Joan Marolt remembers when the $1.70 per hour she worked hard for at Dayton’s department store paid her University tuition, which at the time cost $13 per credit.
During her final few semesters, Marolt took a break – that lasted 27 years – and now, the 51-year-old mother of two is one of thousands of nontraditional students at the University.
But beyond the increasing tuition costs all students face, nontraditional students take on different challenges every day that many students might never notice.
Drastic lifestyle adjustments come with the territory for nontraditional students. These include juggling family time, financial responsibilities and learning alongside students who might be half their age.
According to Office of Institutional Research and Reporting spring semester statistics, 13,598 University students are 25 to 34 years old, and 5,409 are at least 35 years old.
Many of the nontraditional students are returning to the University to finish degrees or take extra classes.
With hope of helping them, the Reentry Students Organization offers occasional meetings to provide information and support targeted at the older age group.
On Monday, participants discussed registration and financial aid at a workshop.
As a nontraditional student, organization co-chairman Mark McKay works on the committee to help others like himself.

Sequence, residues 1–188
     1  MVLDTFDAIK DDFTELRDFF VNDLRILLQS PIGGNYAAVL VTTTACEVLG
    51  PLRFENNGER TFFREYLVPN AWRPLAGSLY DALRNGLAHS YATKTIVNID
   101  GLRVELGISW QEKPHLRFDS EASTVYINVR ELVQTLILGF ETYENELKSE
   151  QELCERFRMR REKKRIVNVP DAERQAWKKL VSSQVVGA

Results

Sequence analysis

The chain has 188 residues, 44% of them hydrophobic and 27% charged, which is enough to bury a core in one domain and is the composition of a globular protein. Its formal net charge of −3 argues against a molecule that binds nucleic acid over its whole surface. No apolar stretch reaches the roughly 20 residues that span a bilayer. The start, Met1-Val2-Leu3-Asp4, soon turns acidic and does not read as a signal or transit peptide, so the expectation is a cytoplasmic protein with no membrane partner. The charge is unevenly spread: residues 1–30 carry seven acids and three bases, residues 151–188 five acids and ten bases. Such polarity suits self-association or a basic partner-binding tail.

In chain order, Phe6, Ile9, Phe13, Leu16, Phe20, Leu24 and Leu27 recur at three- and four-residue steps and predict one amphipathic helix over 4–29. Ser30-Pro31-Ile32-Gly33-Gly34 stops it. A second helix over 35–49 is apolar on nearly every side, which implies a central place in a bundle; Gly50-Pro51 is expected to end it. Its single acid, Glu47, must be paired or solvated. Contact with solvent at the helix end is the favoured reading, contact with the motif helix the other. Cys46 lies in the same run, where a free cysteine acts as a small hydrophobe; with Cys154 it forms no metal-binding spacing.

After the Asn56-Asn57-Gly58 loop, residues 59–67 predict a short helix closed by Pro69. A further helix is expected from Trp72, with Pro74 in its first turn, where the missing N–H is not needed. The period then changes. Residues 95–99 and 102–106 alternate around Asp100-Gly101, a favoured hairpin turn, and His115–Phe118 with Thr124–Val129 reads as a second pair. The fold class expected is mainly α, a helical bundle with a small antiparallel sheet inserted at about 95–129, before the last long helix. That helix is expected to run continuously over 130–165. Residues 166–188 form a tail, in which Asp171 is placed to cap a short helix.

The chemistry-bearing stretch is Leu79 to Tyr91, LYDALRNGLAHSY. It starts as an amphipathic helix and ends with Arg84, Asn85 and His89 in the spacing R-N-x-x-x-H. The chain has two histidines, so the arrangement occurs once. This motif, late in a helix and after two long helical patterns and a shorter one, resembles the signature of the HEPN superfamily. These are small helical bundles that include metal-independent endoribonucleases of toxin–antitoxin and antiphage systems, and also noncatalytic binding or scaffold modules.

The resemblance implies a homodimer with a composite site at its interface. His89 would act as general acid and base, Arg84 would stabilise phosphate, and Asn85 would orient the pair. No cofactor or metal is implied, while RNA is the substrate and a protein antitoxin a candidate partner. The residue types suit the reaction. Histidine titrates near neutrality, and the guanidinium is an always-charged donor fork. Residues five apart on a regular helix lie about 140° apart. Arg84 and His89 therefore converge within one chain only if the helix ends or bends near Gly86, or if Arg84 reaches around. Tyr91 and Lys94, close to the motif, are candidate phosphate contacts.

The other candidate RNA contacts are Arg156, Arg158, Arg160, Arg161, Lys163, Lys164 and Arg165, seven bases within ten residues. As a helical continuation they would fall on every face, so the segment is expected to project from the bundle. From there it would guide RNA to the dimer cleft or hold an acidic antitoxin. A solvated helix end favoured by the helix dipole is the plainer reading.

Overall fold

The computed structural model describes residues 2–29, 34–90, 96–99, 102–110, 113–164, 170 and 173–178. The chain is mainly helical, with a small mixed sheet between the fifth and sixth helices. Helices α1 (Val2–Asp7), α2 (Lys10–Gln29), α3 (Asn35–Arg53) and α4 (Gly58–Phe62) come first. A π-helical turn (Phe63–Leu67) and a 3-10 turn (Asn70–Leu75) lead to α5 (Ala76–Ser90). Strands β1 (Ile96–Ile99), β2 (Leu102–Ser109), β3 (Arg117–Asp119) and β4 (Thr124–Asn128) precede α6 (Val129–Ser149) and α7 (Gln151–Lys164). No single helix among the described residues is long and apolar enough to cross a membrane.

McKay said his University experience is generally positive. He said he doesn’t have problems with younger students because age differences aren’t always obvious, yet having to work with unmotivated students becomes frustrating.
To get the word out, McKay said, the group sends mass e-mails to all students who are older than 25.
Returning global studies senior Sandra Breuer said that she came to the organization for the first time Monday in hopes of learning valuable information she might have missed during orientation.
“It’s helpful sharing experiences with students in similar situations,” Breuer said.
Though their journeys back differ, some of the students said they notice younger students don’t always include them in group work.
Marolt said that she left in 1977 and came back last spring to study child psychology, but she still witnesses social behavior long forgotten.
“I noticed cliques among girls. In a few classes, I sometimes felt like an outlier,” she said.
Gayla Marie, a nontraditional University senior, said she struggles to socially connect with younger students in certain environments.
She also described feeling isolated by students and said she relates more easily to her instructors.
“Some students view me as a mother, while my instructors and counselors consider me their peer,” Marie said. “College provides the perfect grounds for that type of dismissive group behavior.”